Fetal Testing

Fetal testing is testing done to evaluate the fetus of pregnant patients who are considered high risk. Fetal testing will also be done when a pregnant person reports decreased or no fetal movement. Tests such as a biophysical profile or modified biophysical profile are done to assess fetal wellbeing and provide some assurance to the parents.  A nonstress test or contraction stress test is a test where the pregnant person is hooked up to a monitor and the baby’s heart rhythm is recorded over a period of about 40 minutes. The patterns are evaluated as a measure of fetal wellbeing.


During the third trimester, as the due date approaches, the mode of delivery will be discussed. This is the decision on how the baby will be delivered.  While the plan is generally for a vaginal delivery, there are circumstances that will call for cesarean delivery. These situations may include:

  • multiple previous cesarean sections
  • previous surgery to the uterus
  • patient’s physical restriction
  • abnormal fetal presentation

The decision for cesarean is between the patient and the physician and occurs after an in-depth conversation about the benefits and risks of the procedure.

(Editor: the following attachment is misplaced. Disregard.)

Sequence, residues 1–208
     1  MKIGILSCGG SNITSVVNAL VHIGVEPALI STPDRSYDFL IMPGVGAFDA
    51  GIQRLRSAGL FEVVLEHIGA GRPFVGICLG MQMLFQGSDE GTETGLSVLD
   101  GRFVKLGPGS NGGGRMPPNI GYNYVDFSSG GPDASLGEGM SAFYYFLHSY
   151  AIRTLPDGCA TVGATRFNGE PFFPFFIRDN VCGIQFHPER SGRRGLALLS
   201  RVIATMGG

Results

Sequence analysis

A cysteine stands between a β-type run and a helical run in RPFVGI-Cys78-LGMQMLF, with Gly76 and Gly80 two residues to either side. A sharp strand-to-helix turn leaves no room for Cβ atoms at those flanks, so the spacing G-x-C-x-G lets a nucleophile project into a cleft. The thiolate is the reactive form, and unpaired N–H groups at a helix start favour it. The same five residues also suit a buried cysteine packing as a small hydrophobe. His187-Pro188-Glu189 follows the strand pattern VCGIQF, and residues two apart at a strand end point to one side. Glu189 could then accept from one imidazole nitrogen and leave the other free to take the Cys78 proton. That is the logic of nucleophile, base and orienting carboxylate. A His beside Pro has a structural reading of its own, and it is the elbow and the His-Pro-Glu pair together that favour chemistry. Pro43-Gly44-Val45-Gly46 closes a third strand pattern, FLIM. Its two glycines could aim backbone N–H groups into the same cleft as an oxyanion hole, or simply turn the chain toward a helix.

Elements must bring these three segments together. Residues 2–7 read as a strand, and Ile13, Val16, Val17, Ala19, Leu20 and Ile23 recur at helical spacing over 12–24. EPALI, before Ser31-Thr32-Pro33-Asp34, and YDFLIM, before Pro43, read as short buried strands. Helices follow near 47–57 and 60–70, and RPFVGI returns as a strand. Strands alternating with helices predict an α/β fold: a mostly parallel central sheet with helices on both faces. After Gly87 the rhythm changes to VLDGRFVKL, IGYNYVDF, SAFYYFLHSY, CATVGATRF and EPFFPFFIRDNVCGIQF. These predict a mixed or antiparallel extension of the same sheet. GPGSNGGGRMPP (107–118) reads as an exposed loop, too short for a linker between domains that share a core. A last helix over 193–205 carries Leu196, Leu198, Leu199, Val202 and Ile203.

The timing of delivery is also discussed in the third trimester. Generally, the plan is delivery between 39-42 weeks. This may change based on the health of the patient and or the fetus.

Postpartum Care

Postpartum care is the care provided to a person who was recently pregnant. It is provided outside the hospital. It occurs anywhere between a few days of delivery to as far as 12 weeks after the delivery. The immediate postpartum period is within the first 3 weeks of delivery and allows for close outpatient follow-up, especially for those who had a cesarean delivery and/or have a history of elevated blood pressure, anxiety and/or depression.

Take Home Points

  • Prenatal care is care provided during pregnancy. It is an important part of any pregnancy.
  • There are standard lab tests administered throughout the pregnancy. An ultrasound around 20 weeks is also standard care.
  • Those individuals who are “high risk” may need additional testing and/or ultrasounds.
  • Care doesn’t end with delivery! Postpartum care is also critical, especially for those who had a cesarean delivery and/or have a history of elevated blood pressure, anxiety and/or depression.

Author Information

Roseanne W. Gichuru, DO, MBA, FACOOG CPE, obtained her undergraduate degrees in Cellular Molecular Biology & Women’s Studies from West Chester University.  She obtained her Medical Degree from Philadelphia College of Osteopathic Medicine and her MBA from St. Joseph University.  She completed her OB/GYN residency at Crozer Chester Medical Center, PA.  She has received multiple honors, is on a number of academic committees and is a member of the Childbirth and Pelvic Floor Disorders Special Interest Group for the American Urogynecologic Society. She currently practices OB-GYN in Delaware. Dr. Gichuru has no disclosures to report.